Fascinated by these recollections I couldn’t help myself and urged him to share the plotline. My head could not fathom the fact that a student was being asked by his teachers to entertain other students’ in between classes!
“The teachers realised that at least with me performing the class was quiet.”
Nipun took the time to summarise. “The story was a Gold Mine”, he said, “Because it allowed me to impersonate almost all sections of society.” The play is about a young man who, after excelling academically through school and college, secures a position in London. The drama unfolds when he returns home to disclose his love for a British girl, the British family then travel to India, disputes are handled, multiple characters from the village and city are introduced, dowry is questioned and finally the whole community travels to London to celebrate the wedding.
“It is a collage of very interesting characters with some amazing dialogue – rooted and colloquial, and it is an out and out comedy. I had the opportunity to play kids, elderly characters and quite literally an entire village travelling to the airport, arriving at London and then finally experiencing the wedding there.”
How did you manage to create the sets, props and costumes for the play?
“There was no set. I think that was a brilliant creative choice. The main prop/costume was a shawl. Imagine a massive piece of cloth that is a gentleman’s shawl on one surface and a saree on the other. So it was completely down to one’s creativity to drape the cloth in multiple ways to portray women, elderly men…quite literally 52 different characters.”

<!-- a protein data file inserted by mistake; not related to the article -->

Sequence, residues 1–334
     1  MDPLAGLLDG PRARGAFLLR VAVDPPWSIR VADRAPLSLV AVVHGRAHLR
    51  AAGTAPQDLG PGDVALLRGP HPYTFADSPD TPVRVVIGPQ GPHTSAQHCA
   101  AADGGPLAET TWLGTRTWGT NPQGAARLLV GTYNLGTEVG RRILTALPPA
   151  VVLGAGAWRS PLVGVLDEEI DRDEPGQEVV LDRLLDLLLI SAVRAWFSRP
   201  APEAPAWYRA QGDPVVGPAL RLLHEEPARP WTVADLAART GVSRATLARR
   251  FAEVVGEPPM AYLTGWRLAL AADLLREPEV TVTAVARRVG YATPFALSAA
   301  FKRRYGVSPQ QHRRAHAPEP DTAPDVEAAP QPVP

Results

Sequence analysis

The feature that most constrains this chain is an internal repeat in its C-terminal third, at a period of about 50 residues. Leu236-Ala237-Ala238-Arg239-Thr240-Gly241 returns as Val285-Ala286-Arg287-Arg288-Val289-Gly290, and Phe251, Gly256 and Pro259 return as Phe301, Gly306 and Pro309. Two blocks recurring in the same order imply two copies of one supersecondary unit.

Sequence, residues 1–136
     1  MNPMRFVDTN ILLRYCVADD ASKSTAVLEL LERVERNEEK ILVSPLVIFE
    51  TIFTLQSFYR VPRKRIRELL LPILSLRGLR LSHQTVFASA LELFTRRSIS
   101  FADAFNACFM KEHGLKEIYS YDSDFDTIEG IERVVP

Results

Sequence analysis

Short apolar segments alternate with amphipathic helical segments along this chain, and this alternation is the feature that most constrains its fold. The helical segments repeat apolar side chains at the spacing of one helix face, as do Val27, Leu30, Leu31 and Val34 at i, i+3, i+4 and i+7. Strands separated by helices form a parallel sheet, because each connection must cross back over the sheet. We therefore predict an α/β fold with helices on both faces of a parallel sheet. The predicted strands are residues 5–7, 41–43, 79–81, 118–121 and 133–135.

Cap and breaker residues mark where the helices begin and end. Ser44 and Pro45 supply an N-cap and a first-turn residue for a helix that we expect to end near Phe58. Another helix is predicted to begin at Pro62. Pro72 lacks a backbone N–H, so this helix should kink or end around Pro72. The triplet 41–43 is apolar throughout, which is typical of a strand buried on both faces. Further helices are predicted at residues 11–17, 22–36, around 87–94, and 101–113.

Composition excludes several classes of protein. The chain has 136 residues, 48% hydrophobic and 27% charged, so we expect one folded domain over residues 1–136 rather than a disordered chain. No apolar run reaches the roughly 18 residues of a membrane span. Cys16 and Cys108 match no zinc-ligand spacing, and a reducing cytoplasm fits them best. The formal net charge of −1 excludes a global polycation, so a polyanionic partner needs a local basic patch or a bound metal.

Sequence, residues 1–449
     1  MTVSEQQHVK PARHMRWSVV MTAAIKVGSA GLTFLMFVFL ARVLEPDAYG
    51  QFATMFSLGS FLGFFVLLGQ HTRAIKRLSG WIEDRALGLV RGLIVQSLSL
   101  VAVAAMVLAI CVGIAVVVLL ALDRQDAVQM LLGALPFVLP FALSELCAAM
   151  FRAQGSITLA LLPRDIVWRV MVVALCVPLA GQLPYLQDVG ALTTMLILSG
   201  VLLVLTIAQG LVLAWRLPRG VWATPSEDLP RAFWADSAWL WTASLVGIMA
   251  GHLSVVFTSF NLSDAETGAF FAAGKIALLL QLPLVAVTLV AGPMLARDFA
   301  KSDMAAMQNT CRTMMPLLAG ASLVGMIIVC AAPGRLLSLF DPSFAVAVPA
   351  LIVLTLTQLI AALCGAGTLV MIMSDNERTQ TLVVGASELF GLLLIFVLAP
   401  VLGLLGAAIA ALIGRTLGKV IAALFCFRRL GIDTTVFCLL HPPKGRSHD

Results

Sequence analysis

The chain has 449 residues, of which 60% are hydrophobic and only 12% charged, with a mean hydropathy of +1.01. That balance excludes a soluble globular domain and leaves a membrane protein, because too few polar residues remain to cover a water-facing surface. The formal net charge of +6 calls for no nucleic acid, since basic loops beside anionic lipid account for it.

What is your most treasured memory from this play?
“I enjoyed the demand the performance had created in school. It reached a point where my core subject teachers had to object, because of the number of classes I was missing. I wasn’t just performing in my classroom anymore, these demands were coming from other classes and other years!”
At this point I could feel myself drifting further and further away from the scope of my questions. Frankly, this story seemed to be the tip of the iceberg! Looking at the energy of Nipun as a storyteller and the benchmark he set with this story, I am certain he possesses a treasure trove of experiences that would keep me engaged for days. Wary of the time I abruptly jumped in with:
What was your first ever theatre experience as a professional theatre artist?
“I was still in college. I had no formal training, but I was a part…actually still am a part…of many amateur theatre companies in Pune’s thriving amateur theatre culture. Working with them sort of trained me for the stage and where I recognised my love for direction. I directed a play for a company called Samanvay with Sonali Kulkarni, Sandesh Kulkarni, Amruta Subhash and Shashank Shinde in the cast.